Ministers are accused of routinely providing legal cover for the intelligence services where there is a possibility of information being extracted through torture abroad, the Guardian reports today.
Human rights group Reprieve is launching a judicial review of the practice of authorisations by ministers under section 7 of the Intelligence Services Act 1994 - the so-called 'James Bond' clause which provides a legal amnesty for the security services to commit abroad what would otherwise be crimes - in cases involving detainees overseas. A pattern of using this clause in such cases was revealed by Parliament's Intelligence and Security Committee (ISC) in June.
The report of the ISC, which is chaired by the former attorney general Dominic Grieve, said: “We have found that, when SIS [MI6] or GCHQ refer a consolidated guidance case [about detainees abroad] to ministers, they routinely seek, in parallel, an authorisation under section 7 of the Intelligence Services Act 1994, which can provide protection for their officers from domestic civil and criminal liability.”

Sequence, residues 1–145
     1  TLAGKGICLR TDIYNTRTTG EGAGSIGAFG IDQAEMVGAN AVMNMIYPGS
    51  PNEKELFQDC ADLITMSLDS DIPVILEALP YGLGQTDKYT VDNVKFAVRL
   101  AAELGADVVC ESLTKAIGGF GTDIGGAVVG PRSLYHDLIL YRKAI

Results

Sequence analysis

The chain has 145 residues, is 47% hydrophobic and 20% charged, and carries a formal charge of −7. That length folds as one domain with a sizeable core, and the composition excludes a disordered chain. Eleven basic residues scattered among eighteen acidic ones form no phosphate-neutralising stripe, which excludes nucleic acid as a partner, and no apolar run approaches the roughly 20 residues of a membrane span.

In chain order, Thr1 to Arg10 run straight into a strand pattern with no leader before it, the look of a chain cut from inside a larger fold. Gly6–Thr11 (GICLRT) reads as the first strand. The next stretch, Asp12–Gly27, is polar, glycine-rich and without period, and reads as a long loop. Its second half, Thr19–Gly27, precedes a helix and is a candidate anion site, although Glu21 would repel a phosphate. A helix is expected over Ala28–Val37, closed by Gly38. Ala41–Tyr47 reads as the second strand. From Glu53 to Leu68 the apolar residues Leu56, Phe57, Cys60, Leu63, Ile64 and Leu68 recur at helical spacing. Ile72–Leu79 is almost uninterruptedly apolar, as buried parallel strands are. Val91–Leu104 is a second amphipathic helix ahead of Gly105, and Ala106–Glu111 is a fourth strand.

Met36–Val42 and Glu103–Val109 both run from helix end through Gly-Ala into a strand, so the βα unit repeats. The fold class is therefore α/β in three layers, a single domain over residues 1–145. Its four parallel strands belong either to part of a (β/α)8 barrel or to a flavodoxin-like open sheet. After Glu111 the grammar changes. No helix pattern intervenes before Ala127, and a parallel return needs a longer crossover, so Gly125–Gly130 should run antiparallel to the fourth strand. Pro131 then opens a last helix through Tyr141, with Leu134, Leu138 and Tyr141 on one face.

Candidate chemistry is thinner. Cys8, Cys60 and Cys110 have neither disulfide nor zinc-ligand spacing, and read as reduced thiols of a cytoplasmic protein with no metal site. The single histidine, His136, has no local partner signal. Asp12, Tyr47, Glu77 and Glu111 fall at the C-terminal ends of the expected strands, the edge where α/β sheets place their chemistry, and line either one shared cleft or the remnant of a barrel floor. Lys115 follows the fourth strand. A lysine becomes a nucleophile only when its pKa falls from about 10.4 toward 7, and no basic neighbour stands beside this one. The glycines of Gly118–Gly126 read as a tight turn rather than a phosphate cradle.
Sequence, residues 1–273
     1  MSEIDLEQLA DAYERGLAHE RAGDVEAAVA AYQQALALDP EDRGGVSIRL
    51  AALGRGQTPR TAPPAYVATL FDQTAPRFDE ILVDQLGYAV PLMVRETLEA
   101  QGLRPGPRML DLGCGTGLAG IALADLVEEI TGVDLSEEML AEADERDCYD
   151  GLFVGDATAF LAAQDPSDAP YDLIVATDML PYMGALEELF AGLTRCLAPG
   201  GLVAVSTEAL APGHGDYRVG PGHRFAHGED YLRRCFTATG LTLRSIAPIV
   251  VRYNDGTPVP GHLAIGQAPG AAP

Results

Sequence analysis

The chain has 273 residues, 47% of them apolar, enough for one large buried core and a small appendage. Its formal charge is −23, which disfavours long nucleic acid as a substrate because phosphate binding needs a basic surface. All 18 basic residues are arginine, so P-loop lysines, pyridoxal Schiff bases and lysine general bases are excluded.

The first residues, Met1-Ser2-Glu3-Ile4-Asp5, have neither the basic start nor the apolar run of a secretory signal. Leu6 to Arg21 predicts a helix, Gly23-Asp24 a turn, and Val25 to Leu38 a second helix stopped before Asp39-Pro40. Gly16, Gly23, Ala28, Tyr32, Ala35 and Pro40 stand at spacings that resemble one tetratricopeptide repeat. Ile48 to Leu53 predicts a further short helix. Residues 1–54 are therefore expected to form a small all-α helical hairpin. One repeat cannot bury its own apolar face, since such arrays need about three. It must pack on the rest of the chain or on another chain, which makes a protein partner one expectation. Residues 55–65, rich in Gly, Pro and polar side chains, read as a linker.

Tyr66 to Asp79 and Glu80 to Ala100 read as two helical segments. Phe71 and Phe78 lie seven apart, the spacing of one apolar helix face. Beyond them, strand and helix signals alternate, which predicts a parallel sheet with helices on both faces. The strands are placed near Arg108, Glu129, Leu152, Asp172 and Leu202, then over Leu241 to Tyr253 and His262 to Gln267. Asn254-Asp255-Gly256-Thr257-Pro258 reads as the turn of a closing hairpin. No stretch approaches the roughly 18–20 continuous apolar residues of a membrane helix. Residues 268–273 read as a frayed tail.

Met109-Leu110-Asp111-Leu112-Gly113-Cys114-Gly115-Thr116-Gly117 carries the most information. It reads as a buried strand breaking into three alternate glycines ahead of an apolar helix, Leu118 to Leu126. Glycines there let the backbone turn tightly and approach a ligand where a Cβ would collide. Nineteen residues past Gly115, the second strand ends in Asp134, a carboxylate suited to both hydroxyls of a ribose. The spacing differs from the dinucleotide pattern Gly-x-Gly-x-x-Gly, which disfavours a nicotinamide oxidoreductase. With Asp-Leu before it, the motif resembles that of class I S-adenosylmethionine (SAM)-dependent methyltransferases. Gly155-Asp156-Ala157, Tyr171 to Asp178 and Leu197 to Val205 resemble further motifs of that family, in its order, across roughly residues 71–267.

Reprieve alleges that the section 7 authorisations are “the modern equivalent of the torture warrants [for interrogation] issued by the privy council” in the 16th and 17th centuries.
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